Trump defends wall in meeting with Mexico’s president

Free Press wire reports | 9/2/2016, 2:58 p.m.
Once referring to Republican presidential nominee Donald J. Trump as comparable to Benito Mussolini and Adolph Hitler, Mexico’s President Enrique ...

Free Press wire report


Once referring to Republican presidential nominee Donald J. Trump as comparable to Benito Mussolini and Adolph Hitler, Mexico’s President Enrique Peña Nieto expressed optimism that he and Mr. Trump could work together.

President Peña Nieto and Mr. Trump appeared together and made remarks Wednesday afternoon following Mr. Trump’s quickly arranged and highly publicized trip to the Mexican capital.

Following talks held with the Mexican leader at his Los Pinos residence for about an hour, Mr. Trump said he told President Peña Nieto that the United States has the right to build a border wall to halt illegal immigration, but the Republican presidential candidate did not bring up his signature demand that Mexico pay for it.

“We did discuss the wall, we didn’t discuss payment of the wall, that will be at a later date, this was a very preliminary meeting. It was an excellent meeting,” Mr. Trump said.

On the campaign trail, Mr. Trump has vilified Mexico for causing illegal immigration and drug smuggling into the United States. He has called Mexicans entering the United States “rapists” and “drug dealers” and said they are taking jobs from American workers. He routinely has said that Mexico “is killing us on trade.”

Both President Peña Nieto and Mr. Trump discussed re-negotiation of the North American Free Trade Agreement, NAFTA, and the illegal movement of people, drugs, and firearms across the U.S.-Mexico border.

While standing at a podium next to Mr. Peña Nieto, Mr. Trump read slowly from a written statement and then spoke more freely in response to questions. He praised the Mexican people and Americans of Mexican descent for their work ethic and high moral standards.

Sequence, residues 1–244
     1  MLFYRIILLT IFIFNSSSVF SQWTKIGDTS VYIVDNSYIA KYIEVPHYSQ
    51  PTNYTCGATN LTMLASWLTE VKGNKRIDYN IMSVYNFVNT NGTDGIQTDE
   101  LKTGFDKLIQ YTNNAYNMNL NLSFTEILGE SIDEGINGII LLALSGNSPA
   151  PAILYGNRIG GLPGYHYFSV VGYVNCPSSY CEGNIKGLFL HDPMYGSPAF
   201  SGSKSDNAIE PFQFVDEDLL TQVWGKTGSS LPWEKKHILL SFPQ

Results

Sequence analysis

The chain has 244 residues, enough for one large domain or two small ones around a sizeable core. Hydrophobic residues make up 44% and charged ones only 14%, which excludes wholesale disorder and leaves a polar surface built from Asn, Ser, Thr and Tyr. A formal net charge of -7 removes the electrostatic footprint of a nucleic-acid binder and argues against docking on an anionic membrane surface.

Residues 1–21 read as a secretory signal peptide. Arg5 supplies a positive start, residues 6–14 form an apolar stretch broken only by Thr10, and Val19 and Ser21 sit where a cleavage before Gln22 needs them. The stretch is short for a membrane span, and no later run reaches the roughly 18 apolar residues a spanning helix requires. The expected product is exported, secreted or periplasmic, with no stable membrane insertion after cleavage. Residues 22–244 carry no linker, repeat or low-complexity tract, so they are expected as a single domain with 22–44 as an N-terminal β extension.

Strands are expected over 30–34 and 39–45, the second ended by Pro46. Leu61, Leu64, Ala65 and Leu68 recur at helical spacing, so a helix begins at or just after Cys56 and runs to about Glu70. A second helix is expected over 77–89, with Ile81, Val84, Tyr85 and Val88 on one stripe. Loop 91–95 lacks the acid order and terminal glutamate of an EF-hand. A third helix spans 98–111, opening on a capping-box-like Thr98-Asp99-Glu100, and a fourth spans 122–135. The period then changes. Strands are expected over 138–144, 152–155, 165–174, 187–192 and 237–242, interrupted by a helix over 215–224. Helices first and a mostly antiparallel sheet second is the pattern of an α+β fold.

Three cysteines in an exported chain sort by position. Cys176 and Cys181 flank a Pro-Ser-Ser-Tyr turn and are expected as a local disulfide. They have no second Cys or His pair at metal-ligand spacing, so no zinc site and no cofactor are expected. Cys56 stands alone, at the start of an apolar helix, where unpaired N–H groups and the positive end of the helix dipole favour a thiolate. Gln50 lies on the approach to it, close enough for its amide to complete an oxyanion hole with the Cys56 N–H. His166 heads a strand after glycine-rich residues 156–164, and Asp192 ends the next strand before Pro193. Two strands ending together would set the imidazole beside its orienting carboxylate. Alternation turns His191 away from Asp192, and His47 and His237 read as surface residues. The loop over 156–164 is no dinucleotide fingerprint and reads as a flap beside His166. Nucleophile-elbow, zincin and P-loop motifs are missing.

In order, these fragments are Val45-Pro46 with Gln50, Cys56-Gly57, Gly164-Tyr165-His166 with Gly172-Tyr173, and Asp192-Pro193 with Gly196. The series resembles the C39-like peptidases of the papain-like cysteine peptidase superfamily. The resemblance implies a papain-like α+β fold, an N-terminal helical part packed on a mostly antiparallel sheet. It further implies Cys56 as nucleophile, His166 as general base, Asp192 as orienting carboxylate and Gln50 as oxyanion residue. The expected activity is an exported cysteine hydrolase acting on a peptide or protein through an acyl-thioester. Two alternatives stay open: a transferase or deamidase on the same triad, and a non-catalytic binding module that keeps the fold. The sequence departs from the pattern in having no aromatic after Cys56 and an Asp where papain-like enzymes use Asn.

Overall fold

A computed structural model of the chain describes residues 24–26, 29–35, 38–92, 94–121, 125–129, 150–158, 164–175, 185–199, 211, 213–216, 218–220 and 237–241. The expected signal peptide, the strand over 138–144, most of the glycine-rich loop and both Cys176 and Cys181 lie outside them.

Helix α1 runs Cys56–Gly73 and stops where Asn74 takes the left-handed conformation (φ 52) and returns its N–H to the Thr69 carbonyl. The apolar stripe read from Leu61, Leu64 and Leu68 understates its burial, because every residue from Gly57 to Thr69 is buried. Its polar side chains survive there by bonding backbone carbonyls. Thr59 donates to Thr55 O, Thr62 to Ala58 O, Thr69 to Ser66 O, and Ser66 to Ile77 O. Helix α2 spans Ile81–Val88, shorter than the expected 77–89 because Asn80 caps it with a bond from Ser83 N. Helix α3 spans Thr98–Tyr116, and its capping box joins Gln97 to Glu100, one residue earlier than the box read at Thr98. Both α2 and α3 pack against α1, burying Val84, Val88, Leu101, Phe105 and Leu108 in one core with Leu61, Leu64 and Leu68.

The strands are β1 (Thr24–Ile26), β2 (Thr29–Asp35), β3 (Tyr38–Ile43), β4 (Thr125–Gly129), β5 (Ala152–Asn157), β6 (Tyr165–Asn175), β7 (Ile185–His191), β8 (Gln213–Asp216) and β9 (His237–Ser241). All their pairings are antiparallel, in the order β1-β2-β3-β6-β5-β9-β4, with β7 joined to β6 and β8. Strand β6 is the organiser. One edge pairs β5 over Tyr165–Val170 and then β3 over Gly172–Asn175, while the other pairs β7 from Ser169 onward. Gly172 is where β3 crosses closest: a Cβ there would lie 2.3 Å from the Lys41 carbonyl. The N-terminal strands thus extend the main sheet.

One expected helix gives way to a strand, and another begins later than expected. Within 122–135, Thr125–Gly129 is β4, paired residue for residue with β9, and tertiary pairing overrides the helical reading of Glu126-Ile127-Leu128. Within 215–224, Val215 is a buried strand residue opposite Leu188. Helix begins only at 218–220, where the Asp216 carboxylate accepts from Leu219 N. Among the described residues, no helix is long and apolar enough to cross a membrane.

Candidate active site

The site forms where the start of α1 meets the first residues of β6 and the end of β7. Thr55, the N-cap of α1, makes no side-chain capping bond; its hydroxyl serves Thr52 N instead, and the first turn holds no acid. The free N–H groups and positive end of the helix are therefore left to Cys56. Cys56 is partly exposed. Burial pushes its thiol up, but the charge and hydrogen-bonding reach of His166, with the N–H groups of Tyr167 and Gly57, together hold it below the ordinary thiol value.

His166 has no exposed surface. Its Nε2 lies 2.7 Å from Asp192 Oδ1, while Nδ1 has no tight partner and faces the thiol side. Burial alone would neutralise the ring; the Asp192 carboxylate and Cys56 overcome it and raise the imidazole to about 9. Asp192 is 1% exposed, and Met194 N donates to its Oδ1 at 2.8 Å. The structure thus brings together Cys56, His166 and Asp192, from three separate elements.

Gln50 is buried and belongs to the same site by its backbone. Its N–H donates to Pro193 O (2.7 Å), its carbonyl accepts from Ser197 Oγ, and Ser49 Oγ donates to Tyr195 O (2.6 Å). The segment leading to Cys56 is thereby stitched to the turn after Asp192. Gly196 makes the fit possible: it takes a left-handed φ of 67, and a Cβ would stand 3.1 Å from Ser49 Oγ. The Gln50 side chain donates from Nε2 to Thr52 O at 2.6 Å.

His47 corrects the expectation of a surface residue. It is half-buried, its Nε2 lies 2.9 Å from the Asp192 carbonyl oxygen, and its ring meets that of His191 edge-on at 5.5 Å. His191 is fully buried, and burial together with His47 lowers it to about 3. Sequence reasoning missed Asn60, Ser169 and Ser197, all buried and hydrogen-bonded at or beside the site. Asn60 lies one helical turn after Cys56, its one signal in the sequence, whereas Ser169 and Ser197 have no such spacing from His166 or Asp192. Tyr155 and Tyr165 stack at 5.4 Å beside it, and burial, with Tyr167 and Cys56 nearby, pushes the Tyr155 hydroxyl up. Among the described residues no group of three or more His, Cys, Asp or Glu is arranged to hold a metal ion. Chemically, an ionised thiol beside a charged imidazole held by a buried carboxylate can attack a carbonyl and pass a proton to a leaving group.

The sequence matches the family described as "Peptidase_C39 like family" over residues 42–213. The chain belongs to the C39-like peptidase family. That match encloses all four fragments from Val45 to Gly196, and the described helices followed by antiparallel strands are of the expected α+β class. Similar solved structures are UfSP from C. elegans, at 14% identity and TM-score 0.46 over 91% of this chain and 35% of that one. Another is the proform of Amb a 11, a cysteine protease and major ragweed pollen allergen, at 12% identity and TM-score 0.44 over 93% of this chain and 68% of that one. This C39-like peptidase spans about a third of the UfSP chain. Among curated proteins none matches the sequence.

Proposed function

“I happen to have a tremendous feeling for Mexican Americans … they are amazing people,” Mr. Trump said during his remarks.

His praises of the Mexican people, however, fell largely on deaf ears.

Many Mexicans expressed anger and resentment toward President Peña Nieto for inviting and entertaining Mr. Trump.

The Mexican president is suffering from all-time low popularity with constituents.

“This is an insult and a betrayal,” artist Arturo Meade told reporters. “What can this meeting bring us, except surrealism in all its splendor?”

“This man has called Mexicans a burden on society, so for the president to invite him here in a friendly way, and what’s worse, to meet with him in private, well I consider that an insult,” popular Mexican blogger Diego Garcia told reporters at Mexico City’s Independence Monument.

President Peña Nieto was cordial in remarks about Mr. Trump following the meeting. But he but acknowledged Mr. Trump’s comments had hurt and affected Mexicans.

“This is an irrational act by two politicians with image problems,” said Mexico City security analyst Raul Benitez. “There is no logic.”

Mr. Trump’s visit to Mexico City took place hours before he was due to deliver a highly anticipated speech in the U.S. border state of Arizona on how he would tackle illegal immigration if he wins the election.